Taiwan has hit out at Spain after two Taiwanese fraud suspects were deported to China despite objections from the government in Taipei and human rights groups.
Returning Taiwanese criminals to China has become a major source of friction between Beijing and Taiwan — and illustrates the island’s isolated diplomatic status.
Taiwan’s Criminal Investigation Bureau says more than 400 Taiwanese fraud suspects arrested abroad have been deported to China since April 2016.
Most are caught operating lucrative boiler room style phone scams whose victims tend to be mainland Chinese.
Beijing views self-ruling Taiwan as a breakaway part of its territory.
Since the election of Taiwan’s China-sceptic President Tsai Ing-wen in 2016, it has begun insisting scammers should be deported to the mainland, where they often serve lengthy sentences.
Analysts say the policy is designed to pressure Taipei which has condemned the deportations as ‘abductions’.
But Taiwan – which is only diplomatically recognised by 17 countries – has often found itself powerless to persuade countries over the clout of China.
On Monday Taiwan’s foreign ministry said it had ‘expressed grave concerns and strong regret’ after Spain deported a pair of Taiwanese suspects to the mainland on Friday.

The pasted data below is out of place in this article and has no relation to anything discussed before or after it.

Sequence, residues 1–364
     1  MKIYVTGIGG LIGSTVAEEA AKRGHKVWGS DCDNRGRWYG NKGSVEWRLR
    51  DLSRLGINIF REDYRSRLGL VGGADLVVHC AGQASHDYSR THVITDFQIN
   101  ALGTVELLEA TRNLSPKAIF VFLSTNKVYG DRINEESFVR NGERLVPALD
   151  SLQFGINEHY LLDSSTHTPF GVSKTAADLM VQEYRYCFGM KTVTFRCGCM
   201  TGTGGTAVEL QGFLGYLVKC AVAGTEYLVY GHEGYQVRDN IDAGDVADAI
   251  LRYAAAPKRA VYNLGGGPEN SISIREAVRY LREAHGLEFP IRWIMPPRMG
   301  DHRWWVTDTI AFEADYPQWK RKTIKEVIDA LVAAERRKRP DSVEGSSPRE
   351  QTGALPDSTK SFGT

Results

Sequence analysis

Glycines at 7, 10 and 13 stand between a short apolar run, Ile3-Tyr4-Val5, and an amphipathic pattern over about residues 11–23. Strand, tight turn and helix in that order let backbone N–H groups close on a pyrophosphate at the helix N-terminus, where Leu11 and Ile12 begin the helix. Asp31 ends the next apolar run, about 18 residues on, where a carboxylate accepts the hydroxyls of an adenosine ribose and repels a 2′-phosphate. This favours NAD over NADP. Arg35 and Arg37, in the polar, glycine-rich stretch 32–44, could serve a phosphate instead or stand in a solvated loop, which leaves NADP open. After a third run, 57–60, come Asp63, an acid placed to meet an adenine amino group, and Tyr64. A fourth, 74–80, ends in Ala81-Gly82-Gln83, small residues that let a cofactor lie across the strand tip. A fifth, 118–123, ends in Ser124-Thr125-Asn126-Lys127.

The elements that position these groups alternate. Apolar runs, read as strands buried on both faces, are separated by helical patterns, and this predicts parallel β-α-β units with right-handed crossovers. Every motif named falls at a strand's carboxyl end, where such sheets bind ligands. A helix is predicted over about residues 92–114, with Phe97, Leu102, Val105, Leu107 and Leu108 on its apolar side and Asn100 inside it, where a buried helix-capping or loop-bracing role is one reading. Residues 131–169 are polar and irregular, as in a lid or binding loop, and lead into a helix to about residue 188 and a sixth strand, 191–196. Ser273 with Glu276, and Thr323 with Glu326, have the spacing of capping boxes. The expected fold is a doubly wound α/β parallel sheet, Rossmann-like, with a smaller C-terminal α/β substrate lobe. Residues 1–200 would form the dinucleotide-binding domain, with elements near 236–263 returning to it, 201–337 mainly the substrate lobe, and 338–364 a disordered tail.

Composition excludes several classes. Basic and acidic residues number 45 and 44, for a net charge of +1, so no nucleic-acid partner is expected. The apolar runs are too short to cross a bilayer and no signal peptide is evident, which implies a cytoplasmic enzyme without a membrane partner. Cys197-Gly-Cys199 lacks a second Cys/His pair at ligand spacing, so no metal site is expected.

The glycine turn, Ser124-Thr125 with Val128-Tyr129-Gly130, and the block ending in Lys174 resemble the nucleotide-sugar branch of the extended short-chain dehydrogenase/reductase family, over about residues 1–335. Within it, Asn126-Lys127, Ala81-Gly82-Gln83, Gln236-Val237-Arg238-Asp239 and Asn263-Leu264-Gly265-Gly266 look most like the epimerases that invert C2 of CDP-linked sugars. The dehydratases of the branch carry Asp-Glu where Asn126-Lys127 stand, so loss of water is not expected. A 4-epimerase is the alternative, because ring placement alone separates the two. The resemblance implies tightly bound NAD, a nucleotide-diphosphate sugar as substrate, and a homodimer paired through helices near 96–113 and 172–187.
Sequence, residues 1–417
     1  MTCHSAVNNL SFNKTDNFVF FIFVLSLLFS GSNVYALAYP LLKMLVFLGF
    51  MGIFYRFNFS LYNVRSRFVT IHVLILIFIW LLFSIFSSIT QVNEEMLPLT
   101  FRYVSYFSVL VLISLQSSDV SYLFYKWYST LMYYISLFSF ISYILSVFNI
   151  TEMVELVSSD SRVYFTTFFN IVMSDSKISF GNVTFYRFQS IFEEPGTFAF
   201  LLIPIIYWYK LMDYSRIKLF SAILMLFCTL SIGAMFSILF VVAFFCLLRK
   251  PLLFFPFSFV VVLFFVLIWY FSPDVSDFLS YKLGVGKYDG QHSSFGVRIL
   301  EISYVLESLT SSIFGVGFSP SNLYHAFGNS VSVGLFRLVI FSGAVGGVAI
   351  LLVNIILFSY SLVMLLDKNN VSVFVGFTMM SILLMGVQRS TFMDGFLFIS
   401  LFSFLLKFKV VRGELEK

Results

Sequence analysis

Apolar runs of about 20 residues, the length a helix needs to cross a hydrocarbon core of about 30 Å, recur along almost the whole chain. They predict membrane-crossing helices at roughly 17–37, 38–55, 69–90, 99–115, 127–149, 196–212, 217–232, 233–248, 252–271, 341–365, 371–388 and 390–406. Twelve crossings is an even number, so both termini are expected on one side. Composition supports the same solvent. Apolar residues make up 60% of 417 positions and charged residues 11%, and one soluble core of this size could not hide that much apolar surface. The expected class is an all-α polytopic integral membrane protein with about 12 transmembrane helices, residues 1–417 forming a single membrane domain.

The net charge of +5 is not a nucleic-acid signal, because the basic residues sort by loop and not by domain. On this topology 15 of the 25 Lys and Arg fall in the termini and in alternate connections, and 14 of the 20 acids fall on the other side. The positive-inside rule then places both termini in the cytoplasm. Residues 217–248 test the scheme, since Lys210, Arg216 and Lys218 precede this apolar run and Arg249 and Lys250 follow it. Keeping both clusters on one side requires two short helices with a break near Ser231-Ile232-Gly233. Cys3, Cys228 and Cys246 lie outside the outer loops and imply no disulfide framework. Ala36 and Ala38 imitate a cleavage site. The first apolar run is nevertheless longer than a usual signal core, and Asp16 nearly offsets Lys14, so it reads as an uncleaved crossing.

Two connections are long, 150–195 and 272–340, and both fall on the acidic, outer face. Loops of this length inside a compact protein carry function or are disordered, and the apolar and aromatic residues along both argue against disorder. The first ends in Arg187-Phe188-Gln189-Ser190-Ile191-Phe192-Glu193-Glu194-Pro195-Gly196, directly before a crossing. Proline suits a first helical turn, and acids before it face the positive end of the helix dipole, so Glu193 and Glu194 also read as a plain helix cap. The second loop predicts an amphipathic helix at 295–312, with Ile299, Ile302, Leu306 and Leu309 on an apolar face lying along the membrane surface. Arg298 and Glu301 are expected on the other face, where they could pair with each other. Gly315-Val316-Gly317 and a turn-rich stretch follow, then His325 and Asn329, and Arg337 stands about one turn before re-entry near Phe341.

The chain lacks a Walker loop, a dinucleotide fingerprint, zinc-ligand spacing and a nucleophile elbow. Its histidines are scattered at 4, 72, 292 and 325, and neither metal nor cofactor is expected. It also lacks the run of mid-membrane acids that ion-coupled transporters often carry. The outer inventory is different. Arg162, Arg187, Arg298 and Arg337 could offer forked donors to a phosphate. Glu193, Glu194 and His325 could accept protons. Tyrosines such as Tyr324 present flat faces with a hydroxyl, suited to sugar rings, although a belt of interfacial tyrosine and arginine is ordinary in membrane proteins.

The move, it said, ‘disregards China’s human rights conditions’.
The two suspects were part of 219 Taiwanese arrested in Spain in 2016 on fraud charges.
Madrid had previously vowed to return the Taiwanese passport holders to the Chinese mainland.
Spanish lawyers and local rights groups fought in the courts to halt the deportations.
But in May 2018 two suspects were deported, a move which the UN’s human rights watchdog said contravened Madrid’s international commitments not to return people to places where they face torture, forced labour or the death penalty.
It is unclear how many of the group of 219 have since been deported to mainland China.
In recent years more than 2,000 Taiwanese fraud suspects have been arrested in more than a dozen countries.
Beijing has justified its demands that the suspects be deported to the mainland rather than Taiwan because the majority of the phone fraud victims are mainland Chinese.